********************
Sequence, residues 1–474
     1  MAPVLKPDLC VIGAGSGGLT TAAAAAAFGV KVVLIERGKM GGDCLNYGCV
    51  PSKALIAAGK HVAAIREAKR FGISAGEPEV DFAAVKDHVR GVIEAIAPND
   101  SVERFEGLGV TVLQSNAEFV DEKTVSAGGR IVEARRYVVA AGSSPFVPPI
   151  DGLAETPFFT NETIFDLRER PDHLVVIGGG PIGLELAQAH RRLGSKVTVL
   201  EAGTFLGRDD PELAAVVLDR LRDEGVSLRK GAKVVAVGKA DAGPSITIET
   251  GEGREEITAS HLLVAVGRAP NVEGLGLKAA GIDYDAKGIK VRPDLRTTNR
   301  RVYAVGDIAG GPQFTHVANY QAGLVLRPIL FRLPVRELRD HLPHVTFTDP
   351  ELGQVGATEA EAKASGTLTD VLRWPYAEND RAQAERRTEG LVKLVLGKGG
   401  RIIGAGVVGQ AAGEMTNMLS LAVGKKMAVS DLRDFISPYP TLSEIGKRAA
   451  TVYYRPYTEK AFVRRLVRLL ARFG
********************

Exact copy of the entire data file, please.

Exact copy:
Sequence, residues 1–474
     1  MAPVLKPDLC VIGAGSGGLT TAAAAAAFGV KVVLIERGKM GGDCLNYGCV
    51  PSKALIAAGK HVAAIREAKR FGISAGEPEV DFAAVKDHVR GVIEAIAPND
   101  SVERFEGLGV TVLQSNAEFV DEKTVSAGGR IVEARRYVVA AGSSPFVPPI
   151  DGLAETPFFT NETIFDLRER PDHLVVIGGG PIGLELAQAH RRLGSKVTVL
   201  EAGTFLGRDD PELAAVVLDR LRDEGVSLRK GAKVVAVGKA DAGPSITIET
   251  GEGREEITAS HLLVAVGRAP NVEGLGLKAA GIDYDAKGIK VRPDLRTTNR
   301  RVYAVGDIAG GPQFTHVANY QAGLVLRPIL FRLPVRELRD HLPHVTFTDP
   351  ELGQVGATEA EAKASGTLTD VLRWPYAEND RAQAERRTEG LVKLVLGKGG
   401  RIIGAGVVGQ AAGEMTNMLS LAVGKKMAVS DLRDFISPYP TLSEIGKRAA
   451  TVYYRPYTEK AFVRRLVRLL ARFG